Panuku is working on a refresh of the waterfront strategy, which will frame future development within the cbd waterfront area. It will be report to the council on the strategy this month, and draft framework plans will be reported in May.

Home fires bylaw

The council publicly notified the draft air quality bylaw for indoor domestic fires on 27 February, and public submissions close on Monday 27 March.

Local boards have been given until Monday 3 April to send in written submissions, and can give oral submissions at a local board hearings session scheduled for Wednesday 19 April.

Links:
Project 17, Auckland Council maintenance contracts
Grid AKL
Draft air quality bylaw & statement of proposal

Attribution: Council agendas.

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A weighty 3 days for Auckland councillors

Auckland Council’s politicians enter day 2 today of 3 days of weighty issues to start the third term of the council.

The planning committee met yesterday, the finance & performance committee gives its first consideration today to mayor Phil Goff’s proposal on the annual budget, and tomorrow the regulatory committee has a number of issues to consider.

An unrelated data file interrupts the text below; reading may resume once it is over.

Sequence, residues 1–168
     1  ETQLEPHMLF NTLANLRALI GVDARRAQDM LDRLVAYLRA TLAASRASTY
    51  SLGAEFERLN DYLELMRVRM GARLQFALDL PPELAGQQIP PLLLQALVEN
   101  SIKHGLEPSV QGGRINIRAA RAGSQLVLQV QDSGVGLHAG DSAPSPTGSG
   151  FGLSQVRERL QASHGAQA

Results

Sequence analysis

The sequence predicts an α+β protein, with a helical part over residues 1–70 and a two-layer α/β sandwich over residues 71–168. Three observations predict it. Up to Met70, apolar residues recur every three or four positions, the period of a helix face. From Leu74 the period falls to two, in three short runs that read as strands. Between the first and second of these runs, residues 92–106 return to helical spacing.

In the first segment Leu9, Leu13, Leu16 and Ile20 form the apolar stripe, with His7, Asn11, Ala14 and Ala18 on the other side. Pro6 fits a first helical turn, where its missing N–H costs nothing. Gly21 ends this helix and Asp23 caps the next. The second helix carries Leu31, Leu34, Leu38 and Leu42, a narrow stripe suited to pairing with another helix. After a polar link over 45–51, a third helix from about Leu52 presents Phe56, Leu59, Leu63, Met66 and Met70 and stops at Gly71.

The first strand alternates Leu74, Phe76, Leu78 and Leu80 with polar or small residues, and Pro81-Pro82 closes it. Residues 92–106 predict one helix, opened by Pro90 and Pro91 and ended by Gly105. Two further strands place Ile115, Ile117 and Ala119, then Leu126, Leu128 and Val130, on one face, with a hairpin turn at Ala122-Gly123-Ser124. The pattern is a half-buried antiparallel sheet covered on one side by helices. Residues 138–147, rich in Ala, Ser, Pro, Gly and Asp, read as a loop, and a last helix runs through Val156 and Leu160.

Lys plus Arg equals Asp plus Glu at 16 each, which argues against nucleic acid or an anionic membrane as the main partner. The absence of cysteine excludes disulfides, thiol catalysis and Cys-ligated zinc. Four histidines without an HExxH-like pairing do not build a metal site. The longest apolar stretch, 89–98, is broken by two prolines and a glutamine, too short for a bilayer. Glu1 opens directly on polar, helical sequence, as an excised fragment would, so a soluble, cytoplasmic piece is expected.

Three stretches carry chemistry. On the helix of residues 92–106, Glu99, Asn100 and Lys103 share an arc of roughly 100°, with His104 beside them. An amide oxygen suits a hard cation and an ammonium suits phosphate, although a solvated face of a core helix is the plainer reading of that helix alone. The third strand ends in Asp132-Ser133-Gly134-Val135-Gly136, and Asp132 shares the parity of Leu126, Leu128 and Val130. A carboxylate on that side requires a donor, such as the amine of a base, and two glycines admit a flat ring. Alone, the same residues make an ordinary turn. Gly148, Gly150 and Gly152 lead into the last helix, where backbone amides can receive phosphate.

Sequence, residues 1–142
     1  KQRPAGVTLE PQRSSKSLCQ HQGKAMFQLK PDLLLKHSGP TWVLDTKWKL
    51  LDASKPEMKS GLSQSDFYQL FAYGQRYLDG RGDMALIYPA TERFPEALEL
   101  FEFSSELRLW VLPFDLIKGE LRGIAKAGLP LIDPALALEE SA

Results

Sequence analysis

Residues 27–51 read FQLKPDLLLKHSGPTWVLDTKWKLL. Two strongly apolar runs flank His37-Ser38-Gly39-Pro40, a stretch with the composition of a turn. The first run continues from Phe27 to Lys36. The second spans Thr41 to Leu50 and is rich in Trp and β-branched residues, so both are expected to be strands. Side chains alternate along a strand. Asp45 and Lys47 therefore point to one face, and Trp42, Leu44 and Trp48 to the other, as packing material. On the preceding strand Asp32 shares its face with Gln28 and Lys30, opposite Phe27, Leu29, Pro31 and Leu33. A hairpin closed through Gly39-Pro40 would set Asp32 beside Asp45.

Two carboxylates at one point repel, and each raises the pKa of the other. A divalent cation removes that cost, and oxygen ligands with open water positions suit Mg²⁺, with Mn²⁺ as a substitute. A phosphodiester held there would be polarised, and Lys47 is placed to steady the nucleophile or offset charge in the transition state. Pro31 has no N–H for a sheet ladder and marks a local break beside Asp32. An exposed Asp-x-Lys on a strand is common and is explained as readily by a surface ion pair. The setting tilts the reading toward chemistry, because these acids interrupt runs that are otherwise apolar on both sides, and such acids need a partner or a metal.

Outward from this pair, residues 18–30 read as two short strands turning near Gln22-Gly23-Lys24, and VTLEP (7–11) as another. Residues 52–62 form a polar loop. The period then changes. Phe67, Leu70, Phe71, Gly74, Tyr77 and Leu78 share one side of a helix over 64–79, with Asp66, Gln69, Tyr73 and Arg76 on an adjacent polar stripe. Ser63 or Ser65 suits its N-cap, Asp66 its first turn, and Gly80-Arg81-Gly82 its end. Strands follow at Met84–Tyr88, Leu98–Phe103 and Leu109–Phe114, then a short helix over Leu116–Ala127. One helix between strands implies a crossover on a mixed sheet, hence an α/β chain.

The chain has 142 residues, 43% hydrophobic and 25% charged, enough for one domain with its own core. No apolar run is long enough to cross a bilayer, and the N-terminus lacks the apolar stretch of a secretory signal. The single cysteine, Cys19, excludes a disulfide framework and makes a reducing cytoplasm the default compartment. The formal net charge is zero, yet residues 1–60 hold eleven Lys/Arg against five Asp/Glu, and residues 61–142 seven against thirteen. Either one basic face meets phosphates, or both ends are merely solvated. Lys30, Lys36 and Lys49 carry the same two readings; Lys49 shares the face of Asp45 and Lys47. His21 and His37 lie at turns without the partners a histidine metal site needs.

I’ll run more extensive reports later in the week on all 3 meetings. For the moment, below are some of the questions resolved at the planning committee meeting:

The committee agreed to lodge an appeal in the High Court against conditions in a KiwiRail designation concerning crossings on the long-proposed Avondale-Southdown railway line.

The committee agreed the council should make a submission on the NZ Transport Agency’s proposals for the East-West link between State highway 1 at Mt Wellington & State highway 20 at Onehunga, set up a political reference group to deal with urgent issues during the hearing, then expanded the reference group because a number of other councillors wanted to be on it.

A political reference group was also set up on the northern corridor improvements project, which is the final piece of the Western ring route jigsaw.

The committee debated whether the housing accord should be extended to allow for the last special housing areas to remain covered by it, instead of falling under the regulations of the new unitary plan, but eventually went with an extension.

Attribution: Committee meetings.

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Winder to stay on at Kaipara council as Crown manager

Peter Winder.

Peter Winder.

One of the 3 commissioners who’ve been in charge of the Kaipara District Council since 2012, Peter Winder, will stay on as Crown manager after the local body elections on 8 October.